Joe Favorito has over 35 years of strategic communications, marketing, business development and public relations expertise in sports, and teaches a course on these subjects and more at Columbia University. The third edition of his book, Sports Publicity: A Practical Approach, was published earlier this year.
I was lucky enough to spend some time with the late former NBA commissioner David Stern during the last few years, and one of the things he would always tell groups, especially groups of young people, was that there were two skills that were essential in any industry…the ability to sell and the ability to concisely tell your story. If you can do those two things well, you would be ahead of many others trying to climb the ladder.
The ability to tell stories effectively is not new at all. It is a skill that has been used as long as people have walked the earth. The difference today is the space and the time that we have to effectively tell the story of who we work with, what we do, and who we are. Whereas in time yore that space was maybe a few blocks or a village, now the space is the world and, who knows for sure, maybe worlds beyond in the coming years. The means may have changed, but the basic skills to communicate effectively – listening, consensus building, writing, community – are pretty basic.
That was really the original impetus for my book, Sports Publicity: A Practical Approach, first published at the suggestion of my colleague John Genzale in 2007. It was to build a repository of best practices, examples, and cases of storytelling in and around sport, told by those who do the work. The marketplace was not just for “PR types”. It was really to have anyone who touches the industry understand the means and the messages of communication.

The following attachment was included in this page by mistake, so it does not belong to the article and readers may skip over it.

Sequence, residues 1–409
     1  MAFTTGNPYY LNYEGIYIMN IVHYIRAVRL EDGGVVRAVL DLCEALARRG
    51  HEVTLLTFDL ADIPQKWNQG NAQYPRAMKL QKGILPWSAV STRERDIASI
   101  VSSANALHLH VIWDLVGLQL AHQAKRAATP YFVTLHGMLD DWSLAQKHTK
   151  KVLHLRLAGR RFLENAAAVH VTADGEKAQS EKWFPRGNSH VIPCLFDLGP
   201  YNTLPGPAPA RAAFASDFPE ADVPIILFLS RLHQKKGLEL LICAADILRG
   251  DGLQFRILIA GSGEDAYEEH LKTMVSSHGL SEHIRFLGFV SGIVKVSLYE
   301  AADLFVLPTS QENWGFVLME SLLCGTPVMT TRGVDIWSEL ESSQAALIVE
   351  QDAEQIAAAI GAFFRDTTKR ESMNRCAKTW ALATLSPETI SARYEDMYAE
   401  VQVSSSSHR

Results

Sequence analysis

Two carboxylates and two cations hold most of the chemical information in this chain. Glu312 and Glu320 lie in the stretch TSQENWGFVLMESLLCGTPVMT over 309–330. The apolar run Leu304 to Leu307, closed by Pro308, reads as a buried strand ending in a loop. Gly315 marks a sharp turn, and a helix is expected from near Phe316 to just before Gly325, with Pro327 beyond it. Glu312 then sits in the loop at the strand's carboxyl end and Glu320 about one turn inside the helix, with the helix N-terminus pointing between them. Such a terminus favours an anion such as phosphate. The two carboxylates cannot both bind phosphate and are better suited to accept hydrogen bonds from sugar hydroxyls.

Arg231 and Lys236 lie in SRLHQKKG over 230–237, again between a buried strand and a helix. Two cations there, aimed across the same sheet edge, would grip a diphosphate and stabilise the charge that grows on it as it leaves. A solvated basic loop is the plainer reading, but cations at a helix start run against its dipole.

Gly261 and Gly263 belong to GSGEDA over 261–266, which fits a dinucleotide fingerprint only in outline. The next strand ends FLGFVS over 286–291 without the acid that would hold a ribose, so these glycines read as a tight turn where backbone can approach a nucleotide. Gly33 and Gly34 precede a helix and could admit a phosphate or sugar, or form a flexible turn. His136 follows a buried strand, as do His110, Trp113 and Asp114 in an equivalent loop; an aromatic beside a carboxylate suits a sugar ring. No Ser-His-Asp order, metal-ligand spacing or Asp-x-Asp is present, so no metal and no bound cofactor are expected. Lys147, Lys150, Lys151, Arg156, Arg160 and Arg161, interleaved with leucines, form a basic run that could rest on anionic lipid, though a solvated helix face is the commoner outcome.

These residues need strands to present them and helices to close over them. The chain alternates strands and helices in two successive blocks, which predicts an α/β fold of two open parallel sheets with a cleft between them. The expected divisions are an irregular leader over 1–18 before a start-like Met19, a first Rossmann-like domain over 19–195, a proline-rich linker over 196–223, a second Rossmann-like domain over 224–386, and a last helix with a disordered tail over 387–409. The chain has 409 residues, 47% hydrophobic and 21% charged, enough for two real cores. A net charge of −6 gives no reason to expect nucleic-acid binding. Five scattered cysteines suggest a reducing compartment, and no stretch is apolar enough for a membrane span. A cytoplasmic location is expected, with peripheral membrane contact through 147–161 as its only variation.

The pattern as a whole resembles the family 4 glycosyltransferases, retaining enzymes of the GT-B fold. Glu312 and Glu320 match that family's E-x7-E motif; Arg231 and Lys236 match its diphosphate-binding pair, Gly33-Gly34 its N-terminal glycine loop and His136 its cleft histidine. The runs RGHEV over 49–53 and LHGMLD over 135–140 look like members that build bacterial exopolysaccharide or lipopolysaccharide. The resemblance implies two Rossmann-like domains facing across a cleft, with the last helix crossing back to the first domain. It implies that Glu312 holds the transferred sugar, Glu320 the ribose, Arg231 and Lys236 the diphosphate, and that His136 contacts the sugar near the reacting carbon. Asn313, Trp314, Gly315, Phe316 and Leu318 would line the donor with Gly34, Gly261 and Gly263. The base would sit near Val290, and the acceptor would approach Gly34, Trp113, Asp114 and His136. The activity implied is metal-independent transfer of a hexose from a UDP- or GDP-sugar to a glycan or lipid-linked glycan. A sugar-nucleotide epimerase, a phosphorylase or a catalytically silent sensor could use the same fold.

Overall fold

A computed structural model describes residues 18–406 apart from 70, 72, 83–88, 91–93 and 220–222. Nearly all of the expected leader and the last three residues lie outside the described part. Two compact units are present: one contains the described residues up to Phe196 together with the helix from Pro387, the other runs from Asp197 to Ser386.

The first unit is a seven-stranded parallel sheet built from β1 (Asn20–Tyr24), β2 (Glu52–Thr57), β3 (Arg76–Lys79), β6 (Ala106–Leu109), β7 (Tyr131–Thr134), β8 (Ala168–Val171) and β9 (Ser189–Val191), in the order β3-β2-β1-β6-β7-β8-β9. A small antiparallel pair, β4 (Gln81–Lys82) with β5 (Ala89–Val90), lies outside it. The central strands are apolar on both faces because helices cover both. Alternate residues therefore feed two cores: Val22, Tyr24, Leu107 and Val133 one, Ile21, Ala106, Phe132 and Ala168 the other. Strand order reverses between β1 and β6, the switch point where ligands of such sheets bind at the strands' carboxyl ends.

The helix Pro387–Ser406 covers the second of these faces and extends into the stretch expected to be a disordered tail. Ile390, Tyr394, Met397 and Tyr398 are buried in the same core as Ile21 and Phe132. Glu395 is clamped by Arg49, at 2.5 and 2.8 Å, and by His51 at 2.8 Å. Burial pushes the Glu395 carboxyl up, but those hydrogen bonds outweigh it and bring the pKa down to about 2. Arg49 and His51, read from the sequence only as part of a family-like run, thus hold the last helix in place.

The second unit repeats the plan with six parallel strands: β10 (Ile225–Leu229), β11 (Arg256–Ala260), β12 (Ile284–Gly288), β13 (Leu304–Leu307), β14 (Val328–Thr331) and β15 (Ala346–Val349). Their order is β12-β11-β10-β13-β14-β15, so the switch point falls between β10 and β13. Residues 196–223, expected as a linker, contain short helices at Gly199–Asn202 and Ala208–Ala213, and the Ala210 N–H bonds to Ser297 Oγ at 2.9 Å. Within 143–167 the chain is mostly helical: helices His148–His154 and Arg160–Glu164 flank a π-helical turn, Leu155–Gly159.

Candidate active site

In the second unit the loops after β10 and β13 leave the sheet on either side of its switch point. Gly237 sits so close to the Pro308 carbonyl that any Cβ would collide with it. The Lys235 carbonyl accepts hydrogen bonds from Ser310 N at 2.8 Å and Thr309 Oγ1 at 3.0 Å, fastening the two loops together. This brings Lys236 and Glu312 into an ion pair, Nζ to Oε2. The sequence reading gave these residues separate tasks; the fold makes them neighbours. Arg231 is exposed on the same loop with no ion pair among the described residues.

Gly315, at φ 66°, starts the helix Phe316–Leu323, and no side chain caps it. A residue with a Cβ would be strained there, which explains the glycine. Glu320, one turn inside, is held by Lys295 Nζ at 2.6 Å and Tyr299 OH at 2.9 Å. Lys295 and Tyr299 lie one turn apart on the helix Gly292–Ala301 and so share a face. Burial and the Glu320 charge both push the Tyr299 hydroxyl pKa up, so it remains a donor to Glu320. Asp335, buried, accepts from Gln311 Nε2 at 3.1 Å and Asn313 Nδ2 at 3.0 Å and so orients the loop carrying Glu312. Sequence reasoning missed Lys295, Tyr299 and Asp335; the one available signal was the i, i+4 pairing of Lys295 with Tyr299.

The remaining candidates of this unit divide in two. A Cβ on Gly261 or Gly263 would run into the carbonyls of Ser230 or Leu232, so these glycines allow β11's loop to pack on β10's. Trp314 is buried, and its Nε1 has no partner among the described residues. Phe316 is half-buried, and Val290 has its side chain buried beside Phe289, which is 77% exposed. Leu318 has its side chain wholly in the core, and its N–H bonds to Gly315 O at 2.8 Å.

Fast forward 13 years, and the third edition of the book came out this spring. While many of the basic tools, and some of the best stories, remain intact, the vastness and importance of effective storytelling has grown greatly. Chapters on corporate communications, digital and social media and crisis communications have advanced, while sections on areas that were once emerging are now mainstream and flow throughout the book. One of the best exercises we conducted was not just in looking forward, but in looking back to what were hot topics at first printing – “new media” was a big one – esports did not even warrant a mention, nor did audio storytelling. Today, can we go anywhere without talking about podcasting?
Even with all the evolution of topics, the biggest message to convey remains with the words of Commissioner Stern: you have to know how to tell your story, and having a strategic plan where a communications executive is at the table in the decision-making process is more valuable than ever before. It’s an essential point that anyone in the business needs to understand and employ. If you can’t tell your story effectively, how you can get any larger stage of business done?
That’s the good news about updating the text and the value of storytelling in our business. The bad news is we put the book to bed in early February, and we all know the world since then has changed dramatically. While most of the content in the book still holds true, and the value of effectively communicating, especially in constant crisis, has never been more important, some of the lessons we are learning in real time since March 12 can fill a whole new volume (and, yes, that has been discussed).
For now, however, we hope that no matter what level of business you are at you can take a second and think about the value of storytelling, how your story is told, how you need to tell it, to who, and when.
Just ask all those who learned from commissioner Stern. You will probably hear a great story.
For more information on Joe Favorito and his book, visit joefavorito.com.